Guest Author - Tammy Elizabeth Southin
At some point during menopause, your doctor may order a follicle stimulating hormone (FSH) test. This test is performed on both men and women, but is more commonly used for women concerned with confirmation of menopause or possible fertility issues.
What are FHS hormones?
Follicle stimulating hormones are produced in the pituitary gland. In women, these hormones are responsible for regulating your menstrual cycle. Additionally, FSH affects egg production in the ovaries. (In men, the FSH control sperm production). Unlike men, whose FSH levels are fairly level and consistent, women experienced greater fluctuation.
In normal and healthy ovaries, estrogen production ensures a supply of eggs for fertilization. When estrogen levels fall during menopause, the pituitary gland releases more FSH to help compensate for the declining estrogen. But while high FSH levels sound like a good thing, in reality these high numbers indicate that the ovaries are not functioning as they should. FSH cannot replace the work of estrogen hormones.
When couples are having difficulties with pregnancy, doctors use FSH testing to help uncover fertility concerns. This may mean either a low sperm count in men or if the ovaries are not properly functioning in women. Additional concerns for women include irregular menstrual cycles or the absence of menstrual periods altogether. For many women, this is around the same time as menopause, or when having perimenopausal symptoms.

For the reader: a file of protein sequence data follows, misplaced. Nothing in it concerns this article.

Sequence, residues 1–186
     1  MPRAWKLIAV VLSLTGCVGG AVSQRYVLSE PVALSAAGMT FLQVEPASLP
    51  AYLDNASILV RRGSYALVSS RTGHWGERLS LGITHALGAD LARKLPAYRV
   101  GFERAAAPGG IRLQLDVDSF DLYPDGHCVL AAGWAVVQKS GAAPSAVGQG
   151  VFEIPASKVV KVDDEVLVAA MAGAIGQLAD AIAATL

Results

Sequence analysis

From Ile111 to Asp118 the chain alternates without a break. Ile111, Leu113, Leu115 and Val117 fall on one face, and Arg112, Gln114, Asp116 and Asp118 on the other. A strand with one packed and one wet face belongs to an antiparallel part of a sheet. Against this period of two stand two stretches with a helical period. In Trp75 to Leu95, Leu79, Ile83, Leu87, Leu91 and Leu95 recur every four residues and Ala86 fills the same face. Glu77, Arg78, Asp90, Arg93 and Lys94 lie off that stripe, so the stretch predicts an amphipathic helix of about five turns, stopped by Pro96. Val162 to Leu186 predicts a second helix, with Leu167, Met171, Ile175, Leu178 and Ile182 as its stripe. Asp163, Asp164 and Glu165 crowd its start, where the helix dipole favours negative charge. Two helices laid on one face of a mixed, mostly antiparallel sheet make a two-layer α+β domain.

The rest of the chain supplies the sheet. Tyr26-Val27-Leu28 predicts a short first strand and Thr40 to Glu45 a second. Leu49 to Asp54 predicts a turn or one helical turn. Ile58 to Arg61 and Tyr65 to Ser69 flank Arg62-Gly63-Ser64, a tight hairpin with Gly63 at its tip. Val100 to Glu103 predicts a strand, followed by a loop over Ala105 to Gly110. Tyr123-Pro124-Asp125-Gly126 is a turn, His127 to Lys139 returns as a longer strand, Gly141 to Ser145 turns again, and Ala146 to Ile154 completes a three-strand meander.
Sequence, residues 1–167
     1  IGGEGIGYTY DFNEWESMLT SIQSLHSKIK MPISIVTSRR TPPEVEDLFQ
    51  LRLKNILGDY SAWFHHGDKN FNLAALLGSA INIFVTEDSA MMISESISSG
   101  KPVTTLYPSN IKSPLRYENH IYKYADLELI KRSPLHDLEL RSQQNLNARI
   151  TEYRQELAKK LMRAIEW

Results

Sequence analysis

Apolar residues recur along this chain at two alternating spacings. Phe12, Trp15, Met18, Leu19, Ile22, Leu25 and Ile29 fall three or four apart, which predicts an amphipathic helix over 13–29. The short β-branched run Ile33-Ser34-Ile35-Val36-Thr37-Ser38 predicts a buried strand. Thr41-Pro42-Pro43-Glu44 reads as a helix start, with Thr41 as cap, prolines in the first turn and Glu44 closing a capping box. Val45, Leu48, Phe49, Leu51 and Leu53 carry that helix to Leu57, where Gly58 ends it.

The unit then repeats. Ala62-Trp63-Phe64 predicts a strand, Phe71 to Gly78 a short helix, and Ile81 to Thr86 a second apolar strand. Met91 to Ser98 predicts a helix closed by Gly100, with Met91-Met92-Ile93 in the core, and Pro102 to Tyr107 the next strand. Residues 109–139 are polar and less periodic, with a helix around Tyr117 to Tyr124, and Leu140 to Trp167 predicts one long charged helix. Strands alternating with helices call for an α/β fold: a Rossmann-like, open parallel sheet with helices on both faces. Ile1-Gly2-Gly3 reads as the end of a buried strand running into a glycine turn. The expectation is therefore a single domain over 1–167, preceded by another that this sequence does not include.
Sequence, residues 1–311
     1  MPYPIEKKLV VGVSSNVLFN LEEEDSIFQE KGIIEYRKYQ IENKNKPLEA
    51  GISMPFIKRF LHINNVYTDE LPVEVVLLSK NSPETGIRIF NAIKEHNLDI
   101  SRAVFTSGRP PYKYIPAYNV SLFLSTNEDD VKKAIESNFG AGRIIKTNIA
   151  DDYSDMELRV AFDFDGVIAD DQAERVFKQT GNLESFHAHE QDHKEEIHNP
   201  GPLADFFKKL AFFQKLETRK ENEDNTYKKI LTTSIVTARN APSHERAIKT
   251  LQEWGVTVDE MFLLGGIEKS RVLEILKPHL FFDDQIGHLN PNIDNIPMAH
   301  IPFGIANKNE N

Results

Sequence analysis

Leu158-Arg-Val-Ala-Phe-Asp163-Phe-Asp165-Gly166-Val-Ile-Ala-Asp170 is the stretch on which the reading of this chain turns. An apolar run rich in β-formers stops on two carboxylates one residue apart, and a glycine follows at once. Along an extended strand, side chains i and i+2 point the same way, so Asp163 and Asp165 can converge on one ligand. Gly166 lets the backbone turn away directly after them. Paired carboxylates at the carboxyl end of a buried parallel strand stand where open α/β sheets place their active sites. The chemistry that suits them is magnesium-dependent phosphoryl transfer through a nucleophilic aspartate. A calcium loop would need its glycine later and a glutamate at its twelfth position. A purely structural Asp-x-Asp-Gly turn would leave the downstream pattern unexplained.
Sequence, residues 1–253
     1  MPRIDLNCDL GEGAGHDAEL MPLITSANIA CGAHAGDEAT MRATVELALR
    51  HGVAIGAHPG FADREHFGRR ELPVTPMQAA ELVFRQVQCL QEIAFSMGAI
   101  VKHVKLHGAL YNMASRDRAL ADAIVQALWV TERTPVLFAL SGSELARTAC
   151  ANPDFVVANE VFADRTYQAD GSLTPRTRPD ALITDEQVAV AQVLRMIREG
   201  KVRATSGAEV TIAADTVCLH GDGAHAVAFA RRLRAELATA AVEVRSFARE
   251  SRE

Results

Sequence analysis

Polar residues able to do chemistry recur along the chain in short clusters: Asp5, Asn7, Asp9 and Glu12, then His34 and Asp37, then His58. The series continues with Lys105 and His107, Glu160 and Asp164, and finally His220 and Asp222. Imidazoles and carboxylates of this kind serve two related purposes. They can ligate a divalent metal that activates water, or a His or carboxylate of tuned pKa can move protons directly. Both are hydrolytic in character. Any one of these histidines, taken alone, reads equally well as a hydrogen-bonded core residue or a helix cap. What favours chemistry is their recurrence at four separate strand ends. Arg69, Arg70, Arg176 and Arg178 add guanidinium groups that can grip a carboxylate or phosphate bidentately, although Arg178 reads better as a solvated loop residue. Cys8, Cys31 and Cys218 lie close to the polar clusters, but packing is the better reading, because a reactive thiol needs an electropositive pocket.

How is an FSH test done?
This is a relatively painless test with minimal invasion, although it does involve using a needle. Your doctor will take a small sample of blood for examination. This procedure may need to be done for a few days to get an accurate reading, particularly if you have erratic or absent menstrual periods, or are unable to conceive. Your doctor will measure the amount of FSH present to get a better idea of any hormone problems.
What do the results mean?
As noted earlier, high FSH levels indicate ovarian failure, particularly in women under 40. In women over 40, high FSH indicates menopause especially when accompanied by irregular periods, night sweats, hot flashes, and other typical menopausal symptoms.
At the other end of the scale, low FSH levels are not good news either, as the estrogen present in the ovaries is not able to produce eggs for ovulation and conception.
The problem with FSH testing
The biggest drawback to FSH testing is that each test represents only a captured moment in time or a sort of snapshot of your hormonal health. Because women’s hormone levels are constantly changing with each monthly menstrual cycle, it can be difficult to get a completely accurate understanding of health issues from tests alone.
Your doctor will need to take into consideration various aspects of your health history including age, smoking, hormone replacement therapy, and any other medications you may be taking.
Talk to your doctor about whether a FSH test will help to uncover any concerns about pregnancy and menopause and whether testing is the right option for you. As part of your overall healthcare plan, FSH testing can help you understand your body during menopause and prepare for possible treatment options if necessary.
Please visit www.webmd.com as a starting point to learn more.
Menopause, Your Doctor, and You is a great tool to record all your health information for your next doctor’s appointment!